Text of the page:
For as long as humanity has walked the earth, there have been stories. Stories ground us when the sky is storming and it seems like if we put one foot out of line, we’ll be the next place that lightning strikes. Stories lift us up when it feels like we’re alone, by reminding us that whatever we’ve been through, someone else has lived to tell the tale of it. Stories illuminate the darkness and put a loudspeaker to the mouth of culture and without stories, I can’t imagine where we would be as a people. And so for many people, storytelling is as much an act of faith as it is a way of life.
In this Root and Stem, Lee and Ada talk about the role that writing has in our lives, as well as how that ties into our religious and polytheistic beliefs.
Lee: I think the most obvious place to begin is with the ‘religious’ writing that we both have in common: awen.
Ada: [chants AWEN in a booming voice]
Lee: AWEN. AWEN. AWEN. Ahem. In all seriousness though, what does ‘awen’ mean to you? I know it’s something I was ‘tapped into’ before I joined OBOD; I just didn’t have a word for it.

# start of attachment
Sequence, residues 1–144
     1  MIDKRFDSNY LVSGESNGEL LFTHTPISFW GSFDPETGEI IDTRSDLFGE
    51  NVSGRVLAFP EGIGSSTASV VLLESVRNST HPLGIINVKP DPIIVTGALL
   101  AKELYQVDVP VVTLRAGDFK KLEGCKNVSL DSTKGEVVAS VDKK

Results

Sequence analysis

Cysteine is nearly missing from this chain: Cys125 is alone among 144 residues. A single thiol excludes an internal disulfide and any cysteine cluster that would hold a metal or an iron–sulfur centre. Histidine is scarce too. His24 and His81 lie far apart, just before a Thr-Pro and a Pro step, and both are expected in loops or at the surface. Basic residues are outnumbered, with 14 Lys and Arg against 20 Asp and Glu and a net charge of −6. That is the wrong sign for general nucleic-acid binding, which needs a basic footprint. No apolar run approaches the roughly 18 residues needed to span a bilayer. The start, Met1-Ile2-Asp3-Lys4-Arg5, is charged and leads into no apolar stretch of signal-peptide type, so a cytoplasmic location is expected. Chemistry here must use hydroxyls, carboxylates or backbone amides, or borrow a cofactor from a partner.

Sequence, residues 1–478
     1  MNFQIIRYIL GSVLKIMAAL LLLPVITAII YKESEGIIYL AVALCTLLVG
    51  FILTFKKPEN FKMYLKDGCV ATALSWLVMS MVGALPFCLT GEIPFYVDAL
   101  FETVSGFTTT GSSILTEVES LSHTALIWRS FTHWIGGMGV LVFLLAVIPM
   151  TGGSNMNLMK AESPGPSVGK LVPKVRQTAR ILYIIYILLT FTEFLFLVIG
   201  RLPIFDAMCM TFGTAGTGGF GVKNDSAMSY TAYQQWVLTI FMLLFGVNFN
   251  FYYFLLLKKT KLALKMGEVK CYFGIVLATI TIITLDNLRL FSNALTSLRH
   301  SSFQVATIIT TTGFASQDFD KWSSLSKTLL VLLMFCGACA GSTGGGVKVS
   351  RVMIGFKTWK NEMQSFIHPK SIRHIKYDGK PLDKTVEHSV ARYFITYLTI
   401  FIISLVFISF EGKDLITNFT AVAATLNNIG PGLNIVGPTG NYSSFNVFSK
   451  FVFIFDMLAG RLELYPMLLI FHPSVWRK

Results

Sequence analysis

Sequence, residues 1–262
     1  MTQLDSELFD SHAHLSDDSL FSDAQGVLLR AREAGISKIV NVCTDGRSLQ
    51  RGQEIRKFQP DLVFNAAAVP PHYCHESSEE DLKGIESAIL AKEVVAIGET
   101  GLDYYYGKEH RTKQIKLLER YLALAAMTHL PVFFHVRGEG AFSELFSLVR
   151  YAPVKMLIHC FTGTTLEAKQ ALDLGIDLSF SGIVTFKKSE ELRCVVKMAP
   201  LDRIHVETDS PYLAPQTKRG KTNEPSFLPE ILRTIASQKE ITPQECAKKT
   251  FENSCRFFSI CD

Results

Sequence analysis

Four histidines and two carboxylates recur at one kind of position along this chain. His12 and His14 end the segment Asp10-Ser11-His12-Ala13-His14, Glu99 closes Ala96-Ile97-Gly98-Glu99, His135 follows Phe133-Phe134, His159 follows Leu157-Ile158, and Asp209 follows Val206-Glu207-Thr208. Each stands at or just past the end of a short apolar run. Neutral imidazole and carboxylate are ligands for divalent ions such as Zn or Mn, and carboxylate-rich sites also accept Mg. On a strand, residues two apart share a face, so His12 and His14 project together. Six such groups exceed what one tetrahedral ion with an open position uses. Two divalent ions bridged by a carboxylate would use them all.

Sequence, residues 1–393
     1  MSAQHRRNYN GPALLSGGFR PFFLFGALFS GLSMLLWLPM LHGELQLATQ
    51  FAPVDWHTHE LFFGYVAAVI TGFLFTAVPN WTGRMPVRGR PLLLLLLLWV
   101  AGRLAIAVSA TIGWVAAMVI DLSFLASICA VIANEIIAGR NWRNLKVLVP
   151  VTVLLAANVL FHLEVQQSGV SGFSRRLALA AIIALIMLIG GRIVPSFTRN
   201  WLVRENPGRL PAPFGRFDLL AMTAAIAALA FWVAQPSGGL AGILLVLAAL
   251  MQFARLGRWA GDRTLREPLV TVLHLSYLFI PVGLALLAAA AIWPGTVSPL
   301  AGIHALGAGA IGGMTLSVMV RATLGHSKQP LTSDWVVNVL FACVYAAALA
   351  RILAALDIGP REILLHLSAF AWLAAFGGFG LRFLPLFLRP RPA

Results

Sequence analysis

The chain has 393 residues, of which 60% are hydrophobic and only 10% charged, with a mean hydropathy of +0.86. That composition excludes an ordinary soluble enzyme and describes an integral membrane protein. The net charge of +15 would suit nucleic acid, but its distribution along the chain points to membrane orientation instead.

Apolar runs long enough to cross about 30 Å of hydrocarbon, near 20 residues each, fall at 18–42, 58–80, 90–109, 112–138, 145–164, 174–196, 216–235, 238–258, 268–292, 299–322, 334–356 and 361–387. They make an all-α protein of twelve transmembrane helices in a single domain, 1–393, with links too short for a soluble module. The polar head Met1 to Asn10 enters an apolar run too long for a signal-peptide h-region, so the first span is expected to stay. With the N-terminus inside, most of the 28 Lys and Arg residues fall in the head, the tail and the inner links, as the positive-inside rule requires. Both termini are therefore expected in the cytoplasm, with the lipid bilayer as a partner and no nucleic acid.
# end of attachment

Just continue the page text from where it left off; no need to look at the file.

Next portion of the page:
Ada: As a Druid and someone who recently found out that I’ve been working pretty intensely with Dionysus for years without realizing it--god of masks, indeed!--awen is central to my spiritual life. To me, it’s creative inspiration. It’s an ecstatic thing. It’s the thing the Romantic poets waited around for. I always think of that scene in the movie Bright Star where Keats is lying on top of a tree staring at the sky.
Lee: You’re lucky. My inspiration is more like Newton and his apple. No calm lying under the stars for me; just a piece of fruit to the face when I’m minding my own business...
Ada: That’s the problem with working with Odin. “Lie around waiting for inspiration” never seems to be part of his agenda.
But, seriously, though, I don’t really lie around waiting, either. In my spiritual practice, awen feels like it’s always there. I step outside, and it’s like I step through the veil. But with writing, the process usually feels a lot more mechanical. There are exceptions. When I write poetry, I definitely feel like I’ve tapped into the awen, but nonfiction? Even religious writing? Forget it. I feel like a musician playing arpeggios.
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